Mass is not Father Gaetano’s only responsibility, however. The war has created many orphans, and thus the San Domenico rectory has been converted into an orphanage which is also his domain. The children are a joy to him, but they have lost so much, and many have begun to question their faith and their God, and his attempts to teach them catechism are in vain . . . until he finds an old puppet theatre and an ornate box of puppets in the basement. Handcrafted by the building's former caretaker, now absent, the puppets seem the perfect tool to get the children to pay attention to their lessons. But after dark the puppets emerge from that ornate box, without their strings. While the children have been questioning their faith, the puppets believe Father Gaetano's Bible stories completely. But there is such a thing as too much faith. And the children's lives will never be the same again.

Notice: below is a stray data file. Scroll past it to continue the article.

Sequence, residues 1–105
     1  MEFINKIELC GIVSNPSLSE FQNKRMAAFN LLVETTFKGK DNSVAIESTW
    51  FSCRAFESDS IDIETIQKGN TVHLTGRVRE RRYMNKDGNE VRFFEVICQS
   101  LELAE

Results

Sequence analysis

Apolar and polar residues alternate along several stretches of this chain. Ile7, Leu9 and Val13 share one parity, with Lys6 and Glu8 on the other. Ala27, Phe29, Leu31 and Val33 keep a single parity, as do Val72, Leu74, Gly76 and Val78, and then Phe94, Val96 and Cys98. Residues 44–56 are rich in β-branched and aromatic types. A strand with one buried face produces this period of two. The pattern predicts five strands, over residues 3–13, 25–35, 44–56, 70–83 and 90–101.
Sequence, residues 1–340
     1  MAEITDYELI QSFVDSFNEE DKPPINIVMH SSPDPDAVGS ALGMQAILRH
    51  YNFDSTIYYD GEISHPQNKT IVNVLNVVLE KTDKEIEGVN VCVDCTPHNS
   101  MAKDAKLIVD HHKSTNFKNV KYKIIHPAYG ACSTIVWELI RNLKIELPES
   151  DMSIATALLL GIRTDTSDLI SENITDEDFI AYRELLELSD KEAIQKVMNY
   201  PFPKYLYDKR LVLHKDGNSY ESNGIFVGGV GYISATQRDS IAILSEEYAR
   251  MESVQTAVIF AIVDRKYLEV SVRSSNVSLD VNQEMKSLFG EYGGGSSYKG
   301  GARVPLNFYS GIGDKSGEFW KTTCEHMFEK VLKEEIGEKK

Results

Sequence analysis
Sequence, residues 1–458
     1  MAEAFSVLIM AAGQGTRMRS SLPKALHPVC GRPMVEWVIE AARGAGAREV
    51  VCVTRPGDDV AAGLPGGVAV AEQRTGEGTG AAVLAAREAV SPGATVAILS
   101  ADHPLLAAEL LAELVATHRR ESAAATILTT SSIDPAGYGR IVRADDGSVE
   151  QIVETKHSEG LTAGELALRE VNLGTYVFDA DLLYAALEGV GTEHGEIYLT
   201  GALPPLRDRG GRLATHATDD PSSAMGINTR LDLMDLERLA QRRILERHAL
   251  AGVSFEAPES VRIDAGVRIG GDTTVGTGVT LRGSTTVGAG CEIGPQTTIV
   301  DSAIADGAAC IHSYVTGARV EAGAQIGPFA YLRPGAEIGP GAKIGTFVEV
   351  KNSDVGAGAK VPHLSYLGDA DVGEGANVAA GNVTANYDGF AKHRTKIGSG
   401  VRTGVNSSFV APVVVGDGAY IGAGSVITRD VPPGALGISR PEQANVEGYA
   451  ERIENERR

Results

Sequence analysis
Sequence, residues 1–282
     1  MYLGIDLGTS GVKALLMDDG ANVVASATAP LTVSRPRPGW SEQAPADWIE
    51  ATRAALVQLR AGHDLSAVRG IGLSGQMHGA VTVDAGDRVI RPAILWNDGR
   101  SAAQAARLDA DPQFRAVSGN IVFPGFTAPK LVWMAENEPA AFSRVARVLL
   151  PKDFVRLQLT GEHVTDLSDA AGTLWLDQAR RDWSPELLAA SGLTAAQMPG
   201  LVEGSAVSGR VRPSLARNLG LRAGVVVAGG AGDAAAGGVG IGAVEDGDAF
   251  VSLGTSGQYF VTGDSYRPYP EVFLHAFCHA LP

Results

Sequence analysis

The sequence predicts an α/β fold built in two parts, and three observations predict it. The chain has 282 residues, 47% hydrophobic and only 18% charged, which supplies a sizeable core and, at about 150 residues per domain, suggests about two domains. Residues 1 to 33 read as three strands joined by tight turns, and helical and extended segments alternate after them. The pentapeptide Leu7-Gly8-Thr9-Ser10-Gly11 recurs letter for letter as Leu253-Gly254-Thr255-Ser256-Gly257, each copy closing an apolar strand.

Praise for Joe Golem and the Drowning City:
"One of the most powerful 'neverwheres' of the modern fantastic imagination." —
The Wall Street Journal
“A story that grabs from the first page and doesn’t let go.”—Tad Williams
“A warm, wicked, frantic tale of noble monsters and monstrous men…dreadful and sublime.”—Cherie Priest
“Mignola’s affectionate, Kirby-esque portraits compliment Golden’s imaginative, YA-friendly prose.” —Kirkus
“Unique and inventive…. Recommended for fans of Hellboy, dystopian novels, and those who like a little horror with their action stories.” —Library Journal